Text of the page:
Amber Martinez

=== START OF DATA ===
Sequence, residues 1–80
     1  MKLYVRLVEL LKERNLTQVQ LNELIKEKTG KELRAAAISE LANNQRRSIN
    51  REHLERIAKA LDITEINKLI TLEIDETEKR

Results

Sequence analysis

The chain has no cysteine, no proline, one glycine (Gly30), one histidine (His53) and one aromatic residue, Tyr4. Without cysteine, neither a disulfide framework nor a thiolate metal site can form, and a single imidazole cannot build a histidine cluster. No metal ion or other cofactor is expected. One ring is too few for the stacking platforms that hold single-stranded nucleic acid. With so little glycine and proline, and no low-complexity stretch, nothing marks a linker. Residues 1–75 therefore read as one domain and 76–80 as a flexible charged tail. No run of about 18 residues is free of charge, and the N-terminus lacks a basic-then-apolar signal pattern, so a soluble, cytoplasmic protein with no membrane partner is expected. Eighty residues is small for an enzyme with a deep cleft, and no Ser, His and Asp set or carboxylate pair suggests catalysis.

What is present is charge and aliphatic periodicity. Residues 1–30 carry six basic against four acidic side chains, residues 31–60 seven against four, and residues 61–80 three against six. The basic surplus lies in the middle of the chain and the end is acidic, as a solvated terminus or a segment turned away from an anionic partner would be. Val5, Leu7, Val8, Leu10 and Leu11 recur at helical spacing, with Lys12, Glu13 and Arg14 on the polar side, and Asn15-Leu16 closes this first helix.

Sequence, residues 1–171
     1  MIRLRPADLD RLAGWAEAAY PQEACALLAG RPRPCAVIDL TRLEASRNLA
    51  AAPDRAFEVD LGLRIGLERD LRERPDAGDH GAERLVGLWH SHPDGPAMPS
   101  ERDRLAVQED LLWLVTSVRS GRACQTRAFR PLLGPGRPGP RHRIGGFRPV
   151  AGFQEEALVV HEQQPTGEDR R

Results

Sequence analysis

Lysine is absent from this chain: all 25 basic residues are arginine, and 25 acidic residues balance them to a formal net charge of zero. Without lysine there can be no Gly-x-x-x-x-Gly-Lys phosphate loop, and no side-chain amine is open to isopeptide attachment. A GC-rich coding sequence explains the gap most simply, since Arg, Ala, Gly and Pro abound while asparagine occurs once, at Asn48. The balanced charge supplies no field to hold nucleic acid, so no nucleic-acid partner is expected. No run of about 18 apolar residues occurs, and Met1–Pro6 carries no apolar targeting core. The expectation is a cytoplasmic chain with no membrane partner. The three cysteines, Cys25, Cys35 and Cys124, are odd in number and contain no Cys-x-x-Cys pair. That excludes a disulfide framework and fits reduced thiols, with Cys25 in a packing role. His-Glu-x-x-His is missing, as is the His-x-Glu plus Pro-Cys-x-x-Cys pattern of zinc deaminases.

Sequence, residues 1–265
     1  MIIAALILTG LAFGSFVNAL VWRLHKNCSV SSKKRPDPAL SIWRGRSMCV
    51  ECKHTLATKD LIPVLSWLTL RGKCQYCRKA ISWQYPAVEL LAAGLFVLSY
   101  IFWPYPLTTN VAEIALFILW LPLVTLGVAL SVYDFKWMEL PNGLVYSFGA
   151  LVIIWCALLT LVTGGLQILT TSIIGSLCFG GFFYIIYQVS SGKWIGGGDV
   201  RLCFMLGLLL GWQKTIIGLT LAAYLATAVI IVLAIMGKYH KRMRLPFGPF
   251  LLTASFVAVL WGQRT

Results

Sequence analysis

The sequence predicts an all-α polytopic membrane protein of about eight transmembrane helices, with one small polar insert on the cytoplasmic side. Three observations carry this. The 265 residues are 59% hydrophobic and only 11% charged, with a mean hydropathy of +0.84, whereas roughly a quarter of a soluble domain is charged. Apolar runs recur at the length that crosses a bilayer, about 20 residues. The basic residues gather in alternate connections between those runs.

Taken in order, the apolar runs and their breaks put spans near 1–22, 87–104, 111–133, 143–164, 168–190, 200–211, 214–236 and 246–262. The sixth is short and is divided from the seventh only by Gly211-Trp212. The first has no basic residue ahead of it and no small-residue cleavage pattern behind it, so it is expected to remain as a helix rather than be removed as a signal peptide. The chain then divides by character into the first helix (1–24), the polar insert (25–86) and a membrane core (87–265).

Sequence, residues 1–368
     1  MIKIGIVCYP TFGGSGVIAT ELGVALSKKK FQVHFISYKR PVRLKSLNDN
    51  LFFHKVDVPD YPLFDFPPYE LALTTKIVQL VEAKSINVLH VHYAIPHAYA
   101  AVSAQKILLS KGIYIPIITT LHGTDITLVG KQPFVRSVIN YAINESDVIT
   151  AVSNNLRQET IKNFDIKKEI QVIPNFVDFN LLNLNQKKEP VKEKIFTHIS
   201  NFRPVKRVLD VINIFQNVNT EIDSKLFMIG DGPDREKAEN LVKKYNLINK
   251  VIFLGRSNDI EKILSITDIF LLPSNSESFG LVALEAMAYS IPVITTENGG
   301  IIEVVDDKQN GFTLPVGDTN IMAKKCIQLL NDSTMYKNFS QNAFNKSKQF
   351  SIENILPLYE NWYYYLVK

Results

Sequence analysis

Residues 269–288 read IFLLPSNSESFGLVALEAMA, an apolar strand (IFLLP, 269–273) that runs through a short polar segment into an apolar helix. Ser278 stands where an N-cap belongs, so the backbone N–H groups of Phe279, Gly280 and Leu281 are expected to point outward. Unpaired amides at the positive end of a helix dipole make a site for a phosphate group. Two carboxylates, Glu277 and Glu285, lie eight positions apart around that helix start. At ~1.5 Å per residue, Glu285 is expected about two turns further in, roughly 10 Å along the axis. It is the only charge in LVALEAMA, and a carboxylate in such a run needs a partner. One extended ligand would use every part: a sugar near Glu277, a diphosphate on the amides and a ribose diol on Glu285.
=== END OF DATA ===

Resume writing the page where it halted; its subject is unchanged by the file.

Amber Martinez moved from Toledo, Ohio to Moore, Oklahoma when she was five. Eventually she moved to Oklahoma City, which is now her home. Her first love was science. During her 10th grade biology class she noticed her teacher had given incorrect information and pointed it out. Her teacher challenged her to find evidence to support this, and then she would correct it. Amber did just that. Her teacher allowed her to research the facts, and from that moment her heart belonged to science.  After high school, she pursued a bachelor’s degree in cell and molecular biology and began working in an immunology lab studying rheumatoid arthritis. From there, she ventured into microbiology at a local biotech company. Somewhere along the way, and not really understanding why, she began working on a master‘s in public health. She knew nothing about public health, let alone the impact it would have on her. It was during the course of her degree that she discovered her passion, her calling, her purpose. Her life, past, and future began to fall into place, and she knew deep within she was exactly where she was supposed to be, doing exactly what she was supposed to be doing. There’s a song by Ani Difranco that she heard a long, long time ago, but the words still resonate: “God’s work isn’t done by God, it’s done by people.” She currently serves the 43 federally recognized tribes of the Southern Plains as program coordinator of the Health Disparities Grant.

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